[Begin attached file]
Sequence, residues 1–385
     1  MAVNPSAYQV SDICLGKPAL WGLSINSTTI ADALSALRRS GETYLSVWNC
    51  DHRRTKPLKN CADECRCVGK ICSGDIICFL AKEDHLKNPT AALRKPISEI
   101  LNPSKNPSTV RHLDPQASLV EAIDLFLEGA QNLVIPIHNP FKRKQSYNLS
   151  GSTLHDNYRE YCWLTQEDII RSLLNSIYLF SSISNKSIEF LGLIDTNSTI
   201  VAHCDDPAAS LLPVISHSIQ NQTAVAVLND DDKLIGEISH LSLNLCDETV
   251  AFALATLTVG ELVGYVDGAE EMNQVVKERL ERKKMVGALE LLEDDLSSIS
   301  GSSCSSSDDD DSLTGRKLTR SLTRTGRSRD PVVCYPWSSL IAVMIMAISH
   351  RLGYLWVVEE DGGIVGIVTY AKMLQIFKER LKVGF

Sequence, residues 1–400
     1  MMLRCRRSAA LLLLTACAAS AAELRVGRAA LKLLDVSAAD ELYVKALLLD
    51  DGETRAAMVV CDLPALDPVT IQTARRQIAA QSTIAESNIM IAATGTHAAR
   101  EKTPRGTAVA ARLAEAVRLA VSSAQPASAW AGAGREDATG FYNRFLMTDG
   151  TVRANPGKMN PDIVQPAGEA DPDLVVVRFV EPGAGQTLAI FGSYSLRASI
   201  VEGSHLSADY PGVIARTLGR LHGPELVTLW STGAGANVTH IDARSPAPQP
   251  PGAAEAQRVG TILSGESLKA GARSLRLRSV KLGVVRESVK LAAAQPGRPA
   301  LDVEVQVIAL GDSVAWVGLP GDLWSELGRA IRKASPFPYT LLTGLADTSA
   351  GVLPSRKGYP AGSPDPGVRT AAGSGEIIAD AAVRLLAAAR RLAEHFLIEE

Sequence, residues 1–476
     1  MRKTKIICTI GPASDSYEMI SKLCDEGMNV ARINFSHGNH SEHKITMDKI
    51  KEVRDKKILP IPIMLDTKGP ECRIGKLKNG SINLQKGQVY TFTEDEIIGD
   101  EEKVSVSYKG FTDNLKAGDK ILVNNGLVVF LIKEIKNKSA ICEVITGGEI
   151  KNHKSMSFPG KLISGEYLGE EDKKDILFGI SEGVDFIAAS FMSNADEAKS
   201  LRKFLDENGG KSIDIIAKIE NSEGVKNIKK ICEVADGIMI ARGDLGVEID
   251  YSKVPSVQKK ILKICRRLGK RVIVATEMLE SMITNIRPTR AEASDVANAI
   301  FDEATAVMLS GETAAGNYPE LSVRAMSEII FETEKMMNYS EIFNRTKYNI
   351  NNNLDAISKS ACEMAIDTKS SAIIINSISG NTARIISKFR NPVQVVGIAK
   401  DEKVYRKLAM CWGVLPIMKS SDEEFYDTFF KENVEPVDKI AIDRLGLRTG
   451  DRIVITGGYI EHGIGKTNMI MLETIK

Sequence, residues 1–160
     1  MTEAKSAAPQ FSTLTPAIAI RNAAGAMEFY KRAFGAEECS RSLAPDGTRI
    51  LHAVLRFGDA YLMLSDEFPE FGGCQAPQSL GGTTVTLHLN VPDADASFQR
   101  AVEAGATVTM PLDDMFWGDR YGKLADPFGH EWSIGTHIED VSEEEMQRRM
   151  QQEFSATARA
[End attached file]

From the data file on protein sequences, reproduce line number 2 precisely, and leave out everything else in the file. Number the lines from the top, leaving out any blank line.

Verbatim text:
     1  MAVNPSAYQV SDICLGKPAL WGLSINSTTI ADALSALRRS GETYLSVWNC